When it comes to infancy, newborn kangaroos have it pretty great. They’re born, quickly squirm their way to a large, comfy, fur-lined pouch, and they spend the entirety of their newborn and infant life skin-to-skin and with 24/7 access to mother’s milk. Life is grand.
Potentially, human infants have all the same opportunities when they’re born. The ability to be skin-to-skin (slings, wraps and multiple baby-wearing gear makes it possible), held, warm, protected and within easy reach of the breast is a reality for many babies whose mothers understand the importance of these millennia-old bonding rituals.
What is Kangaroo Care?
This continuous, close and constant contact with mothers is beneficial for all infants – and it has been given an official name: kangaroo care. Research shows that kangaroo care is critically important for infants who are more vulnerable as the result of premature birth, low-birth weight, birth defects or congenital issues that keep them in the hospital after labor and delivery.
Specifically, kangaroo care means that the baby is clad in only a diaper and placed skin-to-skin on the parent’s bare chest. A soft blanket can be added across the baby’s back to provide extra warmth if needed. The parent’s shirt or blouse is pocketed up around the baby’s body so the infant can cocoon itself in its parent’s warmth, smell and pheromones. Finally, the baby should be fed breastmilk, rather than formula, whenever possible. While the baby’s parents are the best option, kangaroo care can be provided by other family members or even NICU volunteers.
Benefits of Kangaroo Mother Care
The benefits of kangaroo mother care (KMC) were published in a recent issue of Pediatrics. The published work is titled, “Kangaroo Mother Care 20 Years Later: Connecting Infants and Families.” The findings are so inspiring because while we’ll always applaud the advancements of modern medicine, we also regale the moments when the sweetest, simplest and most instinctive solutions have measurable success. Here is a little background to frame the study’s findings.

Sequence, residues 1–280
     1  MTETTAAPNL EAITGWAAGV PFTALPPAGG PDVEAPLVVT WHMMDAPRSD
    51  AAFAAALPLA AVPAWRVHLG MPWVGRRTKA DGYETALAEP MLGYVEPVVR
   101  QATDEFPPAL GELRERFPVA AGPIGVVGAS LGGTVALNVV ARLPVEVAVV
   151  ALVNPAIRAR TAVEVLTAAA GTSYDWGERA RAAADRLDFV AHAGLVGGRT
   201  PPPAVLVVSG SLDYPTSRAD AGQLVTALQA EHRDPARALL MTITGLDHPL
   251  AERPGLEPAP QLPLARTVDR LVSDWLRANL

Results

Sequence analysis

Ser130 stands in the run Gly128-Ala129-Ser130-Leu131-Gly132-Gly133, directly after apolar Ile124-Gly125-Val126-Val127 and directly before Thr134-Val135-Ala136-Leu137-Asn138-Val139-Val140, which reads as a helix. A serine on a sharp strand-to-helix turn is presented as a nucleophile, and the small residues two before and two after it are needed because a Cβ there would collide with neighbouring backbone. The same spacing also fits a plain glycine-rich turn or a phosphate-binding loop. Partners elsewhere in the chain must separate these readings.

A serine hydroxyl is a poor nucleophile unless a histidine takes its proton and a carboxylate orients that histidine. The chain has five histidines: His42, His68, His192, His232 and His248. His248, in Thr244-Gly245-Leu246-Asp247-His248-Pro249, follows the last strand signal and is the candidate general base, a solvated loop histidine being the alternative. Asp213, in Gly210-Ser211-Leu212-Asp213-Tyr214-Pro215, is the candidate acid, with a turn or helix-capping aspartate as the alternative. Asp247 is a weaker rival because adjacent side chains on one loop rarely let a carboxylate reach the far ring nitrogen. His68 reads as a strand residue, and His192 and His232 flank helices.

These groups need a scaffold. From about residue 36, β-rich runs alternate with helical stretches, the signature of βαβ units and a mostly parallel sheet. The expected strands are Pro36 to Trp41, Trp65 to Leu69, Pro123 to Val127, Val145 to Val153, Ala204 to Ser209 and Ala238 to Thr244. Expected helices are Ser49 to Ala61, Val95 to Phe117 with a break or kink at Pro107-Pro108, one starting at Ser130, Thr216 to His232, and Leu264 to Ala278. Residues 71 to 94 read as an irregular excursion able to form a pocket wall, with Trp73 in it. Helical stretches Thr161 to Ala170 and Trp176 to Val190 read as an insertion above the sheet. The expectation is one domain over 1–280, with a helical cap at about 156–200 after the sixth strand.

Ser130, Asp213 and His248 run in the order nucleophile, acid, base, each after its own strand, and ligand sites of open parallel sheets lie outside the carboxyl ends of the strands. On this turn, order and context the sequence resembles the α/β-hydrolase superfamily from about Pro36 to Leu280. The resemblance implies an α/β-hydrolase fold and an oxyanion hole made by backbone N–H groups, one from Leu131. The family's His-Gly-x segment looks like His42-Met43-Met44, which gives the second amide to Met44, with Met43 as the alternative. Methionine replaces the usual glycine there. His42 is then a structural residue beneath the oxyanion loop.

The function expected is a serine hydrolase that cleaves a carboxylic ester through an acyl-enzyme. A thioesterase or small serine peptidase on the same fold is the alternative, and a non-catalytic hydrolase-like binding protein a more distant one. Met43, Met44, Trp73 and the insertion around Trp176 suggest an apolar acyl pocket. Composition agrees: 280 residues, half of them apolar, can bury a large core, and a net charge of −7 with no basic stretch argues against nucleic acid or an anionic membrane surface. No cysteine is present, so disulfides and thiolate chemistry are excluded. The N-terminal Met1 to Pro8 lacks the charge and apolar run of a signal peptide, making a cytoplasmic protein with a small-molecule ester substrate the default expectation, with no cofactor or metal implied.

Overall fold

Back in 1970, Dr Nathalie Charpak and her colleagues decided to teach a new (or, as some would argue, ancient) method for taking care of babies with low birth weights. In addition to traditional incubator care, Dr. Charpak had the mothers keep the babies attached to their bodies using kangaroo care as much as possible. The idea was for babies to be exclusively breastfed, using formula supplements only when the babies were not reaching reasonable daily weight gain goals. This was the start of a small revolution, which took certain, forward-thinking Neo-natal ICUs by storm.
As a result, more than 20 years later, a review of more than 21 different studies that include more than 3000 babies, have shown what Dr. Charpak and her team suspected all along. Babies who have skin-to-skin contact with their mothers and/or parents and who have the opportunity to be sustained primarily with breastmilk fare better than those who don’t. To find out if they were correct, Charpak’s team systematically contacted the babies-now-young-adults involved in the study and recorded their findings.
The young adults who were treated using kangaroo care as infants, as opposed to more traditional incubator care:
- Were more apt to have survived into their 20s, and researchers noted that KMC offered significantly higher protection against early death rates.
- Had lower incidences of aggressive or impulsive behavior.
- Were less likely to be hyperactive.
- Had larger brains.
- Considered themselves to be in more cohesive family units.
Researchers found other interesting correlations that weren’t necessarily predicted. The young adults who received KMC:
- Experienced fewer academic absences.
- Had working wages that were an average of 53% higher than the control group.
- Show a small, but notable, increase in IQ points than their counterparts.
Are you in the midst of a high-risk pregnancy in which low-birth weight is a potential outcome? Have you recently given birth to a low-weight infant? If so, we recommend putting Kangaroo Care to the test. Best-case scenario is that your baby’s health and well-being will be improved as a result, and there isn’t a worst-case scenario we can think. Spending time, skin-to-skin, snuggling and breastfeeding (or feeding breastmilk from a bottle) is one of the most wonderful experiences you’ll ever have.